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The Sale of Liquor Amendment Act 1999
The Sale of Liquor Amendment Act 1999 introduced a number of major changes to the way alcohol is allowed to be sold and consumed in New Zealand
The Sale of Liquor Amendment Act 1999 introduced a number of major changes. Two of these changes, which came into effect on 1 December 1999, concerned the minimum age that people may legally drink alcohol. Firstly, the legal minimum drinking age was lowered from 20 years to 18 years with one exception. Previously there had been a number of exceptions to the legal minimum drinking age of 20 years.

Secondly, some offences involving minors became infringement offences where the person may either be prosecuted through the court system, or an infringement notice may be issued. The infringement offences are those involving minors under 18 years old who purchase liquor on or from licensed premises, are found in a restricted area on licensed premises, are found in any supervised area on licensed premises unless accompanied by a parent or guardian, who drink alcohol in a public place while not accompanied by a parent or guardian, or who possess alcoholic drink for consumption in a public place while not accompanied by a parent or guardian.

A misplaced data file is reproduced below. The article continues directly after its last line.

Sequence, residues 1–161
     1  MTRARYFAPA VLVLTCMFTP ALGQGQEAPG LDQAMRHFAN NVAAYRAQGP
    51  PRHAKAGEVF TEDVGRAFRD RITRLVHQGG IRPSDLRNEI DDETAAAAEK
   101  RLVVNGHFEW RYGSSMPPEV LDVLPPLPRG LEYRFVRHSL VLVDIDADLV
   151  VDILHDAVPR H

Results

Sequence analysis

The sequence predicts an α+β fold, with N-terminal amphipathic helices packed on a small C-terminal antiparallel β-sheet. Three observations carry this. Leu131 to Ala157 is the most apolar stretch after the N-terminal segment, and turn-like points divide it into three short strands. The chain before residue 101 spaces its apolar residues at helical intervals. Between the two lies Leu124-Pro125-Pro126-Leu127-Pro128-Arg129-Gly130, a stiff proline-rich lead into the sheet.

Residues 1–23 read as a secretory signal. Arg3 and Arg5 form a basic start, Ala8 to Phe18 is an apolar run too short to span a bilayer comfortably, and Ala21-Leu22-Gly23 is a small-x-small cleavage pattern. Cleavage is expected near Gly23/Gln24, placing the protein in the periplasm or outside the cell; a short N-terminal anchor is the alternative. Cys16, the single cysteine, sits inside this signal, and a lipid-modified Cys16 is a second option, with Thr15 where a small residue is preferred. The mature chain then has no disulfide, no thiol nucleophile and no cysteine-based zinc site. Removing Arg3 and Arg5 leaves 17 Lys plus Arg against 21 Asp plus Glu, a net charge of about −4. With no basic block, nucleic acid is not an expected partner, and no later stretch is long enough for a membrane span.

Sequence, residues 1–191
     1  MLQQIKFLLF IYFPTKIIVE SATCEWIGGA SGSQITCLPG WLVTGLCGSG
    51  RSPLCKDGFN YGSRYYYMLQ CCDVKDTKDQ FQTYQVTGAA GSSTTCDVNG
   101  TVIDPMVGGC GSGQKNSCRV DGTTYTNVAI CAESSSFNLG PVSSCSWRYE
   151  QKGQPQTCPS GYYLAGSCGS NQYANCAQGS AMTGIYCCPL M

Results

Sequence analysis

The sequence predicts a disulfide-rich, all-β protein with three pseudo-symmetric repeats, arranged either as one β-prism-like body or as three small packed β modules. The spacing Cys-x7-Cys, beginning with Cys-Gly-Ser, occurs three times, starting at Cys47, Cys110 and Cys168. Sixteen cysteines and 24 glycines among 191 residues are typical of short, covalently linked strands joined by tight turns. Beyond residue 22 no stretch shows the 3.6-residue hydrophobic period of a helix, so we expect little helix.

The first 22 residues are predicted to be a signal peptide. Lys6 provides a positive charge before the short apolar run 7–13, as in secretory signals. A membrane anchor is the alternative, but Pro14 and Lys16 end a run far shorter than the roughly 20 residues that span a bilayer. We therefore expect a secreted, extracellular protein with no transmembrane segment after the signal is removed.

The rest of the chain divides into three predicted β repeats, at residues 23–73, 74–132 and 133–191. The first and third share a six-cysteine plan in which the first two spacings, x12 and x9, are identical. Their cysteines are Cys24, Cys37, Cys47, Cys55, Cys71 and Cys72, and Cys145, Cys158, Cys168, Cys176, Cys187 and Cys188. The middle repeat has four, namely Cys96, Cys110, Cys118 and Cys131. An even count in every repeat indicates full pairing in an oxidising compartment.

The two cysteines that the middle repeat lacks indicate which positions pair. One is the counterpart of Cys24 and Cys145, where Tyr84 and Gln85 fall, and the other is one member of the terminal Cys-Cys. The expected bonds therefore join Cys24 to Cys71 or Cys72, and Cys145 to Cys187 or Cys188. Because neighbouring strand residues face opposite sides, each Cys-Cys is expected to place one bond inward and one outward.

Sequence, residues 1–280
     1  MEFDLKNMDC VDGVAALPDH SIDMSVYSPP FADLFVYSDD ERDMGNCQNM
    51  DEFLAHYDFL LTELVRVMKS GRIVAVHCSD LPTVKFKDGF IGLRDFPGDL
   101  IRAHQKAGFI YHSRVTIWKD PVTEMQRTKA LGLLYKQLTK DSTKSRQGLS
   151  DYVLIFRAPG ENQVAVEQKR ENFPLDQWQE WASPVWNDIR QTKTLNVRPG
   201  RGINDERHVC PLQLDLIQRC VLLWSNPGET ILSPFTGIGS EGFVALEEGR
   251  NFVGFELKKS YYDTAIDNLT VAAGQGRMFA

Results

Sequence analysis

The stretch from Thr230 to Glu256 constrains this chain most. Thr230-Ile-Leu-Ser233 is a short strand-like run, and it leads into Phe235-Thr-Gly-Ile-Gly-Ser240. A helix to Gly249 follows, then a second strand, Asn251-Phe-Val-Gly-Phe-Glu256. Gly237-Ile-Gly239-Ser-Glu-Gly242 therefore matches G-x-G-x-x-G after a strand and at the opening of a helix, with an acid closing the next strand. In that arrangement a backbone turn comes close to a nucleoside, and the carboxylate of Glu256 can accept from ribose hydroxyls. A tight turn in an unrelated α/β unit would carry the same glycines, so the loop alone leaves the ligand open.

The 1999 amendment introduced a definition of 'Evidence of Age' documents. A person who is charged with selling or supplying liquor to a person under 18 years or permitting a person under 18 to be in restricted or supervised areas of licensed premises has a defence if, at the time of the offence, they sighted a recognised 'Evidence of Age' document that indicated that the person was at least 18 years old. The three recognised 'Evidence of Age' documents are a passport, a photo driver licence, or a Hospitality Association of New Zealand 18+ card.



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The Sale of Liquor Amendment Act 1999 introduced a number of major changes to the way alcohol is allowed to be sold and consumed in New Zealand

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